A natural spring


The photo in the last post of Mt Gozu was taken from a natural spring located by the side of the road, you often find these located out in the countryside and they are often crowded with cars as a lot of people around the area and also from the cities drive there to fill up large water containers which they use at home. This particular spring has become so popular over the years that they had to build a large car park to stop the cars parking on the side of the road. The outlet for the spring has been moved and now two pipes dispense clear spring water, just the thing for a thirsty cyclist.

Mt Gozu


The photo above shows the Mt range were the Yamabiko road is located , I was lucky it was such a nice day as late in the day in was thundering with heavy rain.

The Yamabiko road downhill



After riding up and down a few gentle curves and taking in the awesome scenery the main decent started down towards route 290. I must point out that 60 year old sturmey archer drum brakes do not slow you down when you are a rather robust chap like I am and soon my front fibrax brake pads were squealing like a stuck pig scaring off every wild animal within 3kms of me no doubt, luckily nobody was around to witness this or complain to me. But being a little worried I stopped to check my front brake pads only to find they were melting and sticking to the SS rims and man were those rims hot, dam hot. I took it very easy squealing all the way to the bottom of the road as it would have been dangerous to have let go of the brakes on such a downhill as this. The photo in this post was taken just before the fun started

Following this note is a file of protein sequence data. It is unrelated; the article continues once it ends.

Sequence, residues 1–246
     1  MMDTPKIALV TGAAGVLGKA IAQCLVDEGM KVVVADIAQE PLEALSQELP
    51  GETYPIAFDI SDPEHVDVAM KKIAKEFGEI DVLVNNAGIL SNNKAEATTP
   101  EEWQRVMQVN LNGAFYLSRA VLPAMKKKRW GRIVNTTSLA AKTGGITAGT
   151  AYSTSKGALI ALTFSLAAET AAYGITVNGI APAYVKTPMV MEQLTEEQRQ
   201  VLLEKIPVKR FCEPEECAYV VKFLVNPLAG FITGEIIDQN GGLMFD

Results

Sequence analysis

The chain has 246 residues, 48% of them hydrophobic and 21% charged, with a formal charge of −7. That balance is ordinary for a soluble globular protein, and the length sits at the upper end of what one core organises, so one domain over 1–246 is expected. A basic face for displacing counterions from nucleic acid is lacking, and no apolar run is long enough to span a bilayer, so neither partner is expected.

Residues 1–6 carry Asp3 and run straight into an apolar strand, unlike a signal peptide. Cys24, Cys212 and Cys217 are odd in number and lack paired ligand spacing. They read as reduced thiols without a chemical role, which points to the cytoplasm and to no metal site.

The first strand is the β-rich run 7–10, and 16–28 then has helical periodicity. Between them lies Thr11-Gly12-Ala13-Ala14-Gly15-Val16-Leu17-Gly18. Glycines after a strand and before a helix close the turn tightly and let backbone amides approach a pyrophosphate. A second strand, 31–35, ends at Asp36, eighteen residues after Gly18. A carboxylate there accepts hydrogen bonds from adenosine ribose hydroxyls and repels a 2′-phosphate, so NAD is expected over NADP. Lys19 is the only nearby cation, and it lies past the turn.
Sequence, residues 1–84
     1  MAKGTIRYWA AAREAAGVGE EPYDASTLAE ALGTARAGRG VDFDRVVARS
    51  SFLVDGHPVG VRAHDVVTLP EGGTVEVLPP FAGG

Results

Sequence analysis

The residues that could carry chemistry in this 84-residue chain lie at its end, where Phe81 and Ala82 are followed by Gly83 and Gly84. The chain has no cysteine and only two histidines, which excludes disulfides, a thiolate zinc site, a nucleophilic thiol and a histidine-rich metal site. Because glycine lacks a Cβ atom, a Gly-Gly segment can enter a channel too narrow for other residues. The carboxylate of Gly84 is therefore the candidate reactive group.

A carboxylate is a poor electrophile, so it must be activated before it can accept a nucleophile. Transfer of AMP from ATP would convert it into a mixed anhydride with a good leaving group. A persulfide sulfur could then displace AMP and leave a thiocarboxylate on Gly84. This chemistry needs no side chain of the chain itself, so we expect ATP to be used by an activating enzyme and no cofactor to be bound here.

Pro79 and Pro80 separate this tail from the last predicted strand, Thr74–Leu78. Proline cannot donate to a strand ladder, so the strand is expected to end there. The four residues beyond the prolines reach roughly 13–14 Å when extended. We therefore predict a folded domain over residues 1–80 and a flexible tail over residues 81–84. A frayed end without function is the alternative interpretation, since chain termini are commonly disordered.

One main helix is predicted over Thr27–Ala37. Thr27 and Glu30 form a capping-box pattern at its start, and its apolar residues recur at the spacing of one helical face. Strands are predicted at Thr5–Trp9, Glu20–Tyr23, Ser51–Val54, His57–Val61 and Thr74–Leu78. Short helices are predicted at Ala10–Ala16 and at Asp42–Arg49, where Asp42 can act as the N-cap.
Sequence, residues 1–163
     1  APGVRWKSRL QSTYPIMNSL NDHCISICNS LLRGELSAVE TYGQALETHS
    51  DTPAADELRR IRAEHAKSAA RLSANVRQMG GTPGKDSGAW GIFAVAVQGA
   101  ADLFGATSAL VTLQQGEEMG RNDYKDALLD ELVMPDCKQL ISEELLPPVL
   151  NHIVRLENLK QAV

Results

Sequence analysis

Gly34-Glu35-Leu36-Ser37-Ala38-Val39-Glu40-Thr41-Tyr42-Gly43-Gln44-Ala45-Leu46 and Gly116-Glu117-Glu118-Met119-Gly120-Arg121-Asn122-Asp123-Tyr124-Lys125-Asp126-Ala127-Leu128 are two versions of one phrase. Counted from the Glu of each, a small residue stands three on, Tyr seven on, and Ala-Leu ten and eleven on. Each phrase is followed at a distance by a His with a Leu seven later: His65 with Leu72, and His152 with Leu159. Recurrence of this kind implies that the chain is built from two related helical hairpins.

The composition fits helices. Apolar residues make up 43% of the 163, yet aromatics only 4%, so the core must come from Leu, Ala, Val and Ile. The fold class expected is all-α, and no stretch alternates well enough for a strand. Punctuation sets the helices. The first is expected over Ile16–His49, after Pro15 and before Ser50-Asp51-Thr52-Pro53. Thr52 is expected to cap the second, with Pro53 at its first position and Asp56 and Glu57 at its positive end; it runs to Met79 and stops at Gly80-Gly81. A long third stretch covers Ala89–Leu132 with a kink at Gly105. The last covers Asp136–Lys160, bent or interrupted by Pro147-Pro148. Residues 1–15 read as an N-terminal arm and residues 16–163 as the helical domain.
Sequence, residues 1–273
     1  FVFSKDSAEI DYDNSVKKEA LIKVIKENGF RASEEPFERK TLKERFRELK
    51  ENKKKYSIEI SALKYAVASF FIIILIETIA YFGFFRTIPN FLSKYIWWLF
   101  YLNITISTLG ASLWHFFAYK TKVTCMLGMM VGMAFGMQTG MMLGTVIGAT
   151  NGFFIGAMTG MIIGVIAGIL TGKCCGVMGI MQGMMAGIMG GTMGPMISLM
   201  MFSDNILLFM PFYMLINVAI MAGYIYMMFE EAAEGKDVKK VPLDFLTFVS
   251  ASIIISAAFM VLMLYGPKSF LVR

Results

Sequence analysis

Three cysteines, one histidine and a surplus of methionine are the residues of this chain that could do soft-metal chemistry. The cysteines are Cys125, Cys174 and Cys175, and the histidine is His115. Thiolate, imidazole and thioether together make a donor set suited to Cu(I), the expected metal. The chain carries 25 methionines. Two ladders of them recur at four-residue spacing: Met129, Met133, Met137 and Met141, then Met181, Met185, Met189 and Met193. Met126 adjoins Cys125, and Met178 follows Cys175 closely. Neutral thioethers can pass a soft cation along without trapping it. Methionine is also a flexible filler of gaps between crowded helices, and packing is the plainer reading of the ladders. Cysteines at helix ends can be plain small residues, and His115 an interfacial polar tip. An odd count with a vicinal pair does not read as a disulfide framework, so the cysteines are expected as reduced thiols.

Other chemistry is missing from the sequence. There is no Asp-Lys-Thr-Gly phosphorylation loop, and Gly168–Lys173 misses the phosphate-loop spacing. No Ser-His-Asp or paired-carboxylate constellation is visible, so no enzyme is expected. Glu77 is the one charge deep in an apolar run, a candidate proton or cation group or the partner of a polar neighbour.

The Yamabiko road part 2


Little did I know that the Yamabiko rd would be so long and have such great views but I was rewarded with fantastic views of the Niigata plains and riding though the shade of the cool trees was nice on such a hot day. Along the road were quite a lot of large stone monuments with inscriptions and my student informed me that many of those were Haiku ( Poems ) I'm not sure why they would be placed up there high on the side of the Mt but I may find out later I guess. There were several viewing areas along the route and I only met 4 people out hiking and they very surprised to see me on an old 3 speed. Pictured in this post is one of the views taken from the road